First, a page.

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While viruses that attack phones are few and far between now, when they get traction -- and they will -- the lousy state of security in smart phones means trouble for users and providers, an analyst said Tuesday.
Most of the mobile malicious code that's popped up so far -- such as Cabir, a worm that's spread to several countries via Bluetooth-enabled phones -- isn't dangerous or destructive, said Brian Pellegrini, a wireless analyst with ABI Research.
The sorry state of malicious code directed toward mobile devices, said Pellegrini, is due to the small base of smart phone users. "First of all, there's not a lot of out there [using smart phones] to be infected or start complaining about viruses," he said. "And because the numbers are small, phone are just starting to be noticed by virus writers."
That will change, Pellegrini contended, as the numbers of smart phones balloons. "Smart phone use has grown by leaps and bounds," he said, noting that the numbers doubled from 2003 to 2004, and growth is expected to continue through the decade.
Down the road, then, today's complacency could haunt of users and mobile service providers.
"It wouldn't be that tough to create a virus that would buy a thousand ring tones," said Pellegrini. "If something like that hit just Verizon, and every one of its 42 million users were charged $10 extra, think how much that would cost Verizon. Think what a nightmare that would be to clear up."
A virus or worm could easily wreak that kind of havoc, said Pellegrini, since cell phone purchases like this are billed through the user's account, with no additional authorization necessary.
"On the PC, someone was smart enough to demand that users enter their credit card numbers manually [when they purchase online]," said Pellegrini. "Not the case with phones. Mobile will need much more stringent security, and soon."
What will fuel the surge in mobile attacks, Pellegrini said, is the increased use of a standardized operating system by multiple phone makers and a growing population of hackers able to program for smart phones. The first, he said, "will make it really easy for virus writers to target phones," while the second can be jump-started in the same way it has been for PC hackers: releasing source code or automated tools that even the lamest attacker can figure out.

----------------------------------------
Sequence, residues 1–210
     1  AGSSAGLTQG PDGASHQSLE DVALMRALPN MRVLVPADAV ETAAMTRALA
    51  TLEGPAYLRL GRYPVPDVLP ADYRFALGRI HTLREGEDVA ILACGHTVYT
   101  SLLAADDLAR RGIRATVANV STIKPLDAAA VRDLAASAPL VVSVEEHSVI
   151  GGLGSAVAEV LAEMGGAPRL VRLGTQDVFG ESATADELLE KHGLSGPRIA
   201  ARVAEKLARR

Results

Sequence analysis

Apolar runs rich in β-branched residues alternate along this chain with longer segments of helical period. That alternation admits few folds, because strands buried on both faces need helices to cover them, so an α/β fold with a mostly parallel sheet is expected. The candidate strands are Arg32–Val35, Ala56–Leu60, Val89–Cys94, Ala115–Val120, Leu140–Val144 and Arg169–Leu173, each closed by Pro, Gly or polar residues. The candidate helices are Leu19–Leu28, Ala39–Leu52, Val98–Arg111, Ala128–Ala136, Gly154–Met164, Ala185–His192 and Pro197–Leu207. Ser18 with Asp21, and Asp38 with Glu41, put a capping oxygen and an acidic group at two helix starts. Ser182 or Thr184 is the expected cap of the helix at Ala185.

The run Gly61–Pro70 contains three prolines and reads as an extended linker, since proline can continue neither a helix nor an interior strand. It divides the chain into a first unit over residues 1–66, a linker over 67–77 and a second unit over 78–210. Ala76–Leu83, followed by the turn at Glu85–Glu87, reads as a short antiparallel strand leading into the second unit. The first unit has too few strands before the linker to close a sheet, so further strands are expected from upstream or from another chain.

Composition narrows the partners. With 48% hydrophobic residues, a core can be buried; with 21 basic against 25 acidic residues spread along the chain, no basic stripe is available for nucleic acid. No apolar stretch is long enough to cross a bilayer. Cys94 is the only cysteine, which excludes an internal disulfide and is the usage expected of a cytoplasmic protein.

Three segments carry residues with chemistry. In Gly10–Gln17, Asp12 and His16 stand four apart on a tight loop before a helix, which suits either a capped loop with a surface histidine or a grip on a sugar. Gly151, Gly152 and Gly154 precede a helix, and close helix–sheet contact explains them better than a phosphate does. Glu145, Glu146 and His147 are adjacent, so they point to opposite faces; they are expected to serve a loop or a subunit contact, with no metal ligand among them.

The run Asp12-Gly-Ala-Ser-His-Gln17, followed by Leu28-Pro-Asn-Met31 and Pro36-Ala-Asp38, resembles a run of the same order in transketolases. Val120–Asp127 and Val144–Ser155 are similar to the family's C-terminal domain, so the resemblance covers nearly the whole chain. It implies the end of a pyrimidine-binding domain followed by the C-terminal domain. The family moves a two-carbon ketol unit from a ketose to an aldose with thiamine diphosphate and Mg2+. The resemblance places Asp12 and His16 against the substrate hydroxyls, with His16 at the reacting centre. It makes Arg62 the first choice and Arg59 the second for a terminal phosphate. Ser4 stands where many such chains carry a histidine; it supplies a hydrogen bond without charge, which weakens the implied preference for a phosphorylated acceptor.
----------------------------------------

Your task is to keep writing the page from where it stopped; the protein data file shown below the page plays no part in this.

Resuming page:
When the source code for Cabir was released, for instance, security experts immediately noted variations that spread faster and easier.
Some security firms have launched anti-virus products for mobile devices, and the mobile infrastructure has an advantage over the Internet in that the few large mobile providers "guard their networks religiously," according to Pellegrini. "They'll provide an extra layer of protection that most Internet service providers still don't offer."
Within the next year or two, Pellegrini expects that buyers will be factoring in the security of phones' operating systems when they make their purchase.
And when that happens, they may be taking a good look at Microsoft's mobile operating systems. In a turnabout from the PC world, where Microsoft's Windows lays claim to the lion's share of the desktop, in the mobile world Microsoft is a very poor second.
"Symbian owns about 85 percent of the market," said Pellegrini, "and so it's the current target of most mobile viruses, and will continue to be. It's a target of opportunity kind of thing," he said, adding that no matter what the platform, virus writers create to get the biggest bang for their hacker buck, which means writing for the dominant operating system.
"They're ready to put aside bad feeling for Microsoft if it means they're able to reach a bigger group of users," he said.